The MigSzol would note that the other settlements and their mayors could demonstrate their real support if they would commit themselves to receive a few asylum seeker families, or 5-10 single asylum seekers, either men or women.
These asylum seekers must be accommodated somewhere. Hungary is the member of the EU which is one of the most developed region of the world. It does not mean that we benefit from the economic advantages only but we also have moral responsibility to host those less fortunate people who had to leave war-torn countries and we should do it in a decent and civilized way.
Even if they stay only two days with us, and the same applies to those who decide to stay in Hungary as feeling it safe and need to wait for months to get their asylum application processed.
The only viable solution to relieve Martonfa and offering the best for the asylum seekers would be if some other villages and towns and their mayors will publicly announce that they are willing to receive asylum seekers until their asylum application processed. If a village with 220 inhabitant would accept one family seeking asylum, a town with 10,000 residents would receive 10-20 asylum seekers, or a district in Budapest with 50,000 living would set up a shelter for 100 persons that will not change the everyday life of the local community. This could prevent creating overcrowded camps and adding to the tension like it happened in Bicske, Vámosszabadi or Debrecen. Accommodating the asylum seekers in this way be helpful as they would not stick out among the locals due to the proportional allocation.
By undertaking this really compassionate gesture these settlements would give a real chance for people who had to flee from their home country. Instead of being subjected to very expensive police surveillance and living in a village where people look at them suspiciously, our proposed solution would make them able to live in the community with having direct and mutual contact with local people.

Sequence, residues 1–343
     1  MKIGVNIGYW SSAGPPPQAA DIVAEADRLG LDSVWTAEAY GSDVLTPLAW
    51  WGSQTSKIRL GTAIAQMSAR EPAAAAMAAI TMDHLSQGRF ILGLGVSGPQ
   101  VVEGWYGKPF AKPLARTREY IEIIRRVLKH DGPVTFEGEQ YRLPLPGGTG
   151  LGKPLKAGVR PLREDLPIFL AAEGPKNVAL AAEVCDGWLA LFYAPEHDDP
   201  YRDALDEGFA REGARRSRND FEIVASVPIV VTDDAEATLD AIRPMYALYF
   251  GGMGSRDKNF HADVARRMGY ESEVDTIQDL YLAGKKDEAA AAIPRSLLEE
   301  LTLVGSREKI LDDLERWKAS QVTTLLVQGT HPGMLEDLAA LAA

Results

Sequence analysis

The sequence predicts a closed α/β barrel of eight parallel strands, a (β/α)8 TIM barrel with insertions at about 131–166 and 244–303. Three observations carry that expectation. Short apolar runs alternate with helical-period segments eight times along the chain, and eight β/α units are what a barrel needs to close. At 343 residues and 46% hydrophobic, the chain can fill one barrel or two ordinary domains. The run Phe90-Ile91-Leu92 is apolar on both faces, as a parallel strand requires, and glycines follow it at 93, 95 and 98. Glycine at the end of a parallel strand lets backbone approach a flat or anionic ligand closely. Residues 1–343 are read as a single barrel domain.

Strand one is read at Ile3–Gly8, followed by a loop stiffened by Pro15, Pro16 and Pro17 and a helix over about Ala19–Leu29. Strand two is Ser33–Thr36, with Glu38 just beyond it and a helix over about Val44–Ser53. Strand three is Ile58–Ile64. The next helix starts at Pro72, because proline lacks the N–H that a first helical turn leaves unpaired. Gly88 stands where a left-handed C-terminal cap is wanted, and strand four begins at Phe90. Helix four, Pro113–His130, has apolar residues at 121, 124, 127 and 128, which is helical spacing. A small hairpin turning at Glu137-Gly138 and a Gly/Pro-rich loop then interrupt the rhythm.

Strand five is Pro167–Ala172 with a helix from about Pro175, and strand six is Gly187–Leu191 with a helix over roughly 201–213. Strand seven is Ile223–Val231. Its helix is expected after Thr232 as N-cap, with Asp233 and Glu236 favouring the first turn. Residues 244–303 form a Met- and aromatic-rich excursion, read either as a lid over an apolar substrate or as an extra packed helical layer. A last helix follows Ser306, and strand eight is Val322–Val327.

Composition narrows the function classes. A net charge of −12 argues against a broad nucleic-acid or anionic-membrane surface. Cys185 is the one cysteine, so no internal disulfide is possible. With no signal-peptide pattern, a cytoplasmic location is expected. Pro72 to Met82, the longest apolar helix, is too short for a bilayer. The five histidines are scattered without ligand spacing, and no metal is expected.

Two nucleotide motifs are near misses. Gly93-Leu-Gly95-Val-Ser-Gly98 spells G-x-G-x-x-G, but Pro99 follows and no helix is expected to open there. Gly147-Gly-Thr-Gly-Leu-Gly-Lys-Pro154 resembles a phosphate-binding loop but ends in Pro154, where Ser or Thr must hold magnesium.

These settlements and their mayors could show a nice example with using this proportional allocation and protest against the dictatorial and humiliating way the government follows. Also, they could relieve the residents of a pretty and friendly village, Martonfa.
Therefore the MigSzol would like to ask and encourage the really compassionate people and mayors for receiving asylum seekers, according to their capacities. The current Hungarian laws make it possible for the asylum seekers to stay in private accommodation during the asylum process, and such private accommodation can be arranged by local councils too.
Creating two camps with 2,000 bed places in tents or containers and using unimproved plots without electricity or running water can not be the appropriate solution when empty buildings could be made available for those who had no other choice than fleeing to Europe from terrific circumstances.
And the Hungarian government, by realizing the pressure from these settlements, might decide to withdraw the original plan of squeezing people into inhuman camps and upsetting village communities. The Hungarian government may consider the option to open smaller shelters and using the Hungarian tax-payers’ money and the EU funds for setting up these type of accommodations.
If we really mean to advance with solutions which are considering both the local communities and asylum seekers, we can also make this government treat us as human beings.
11th August, 2015, Budapest
Migrant Solidarity Group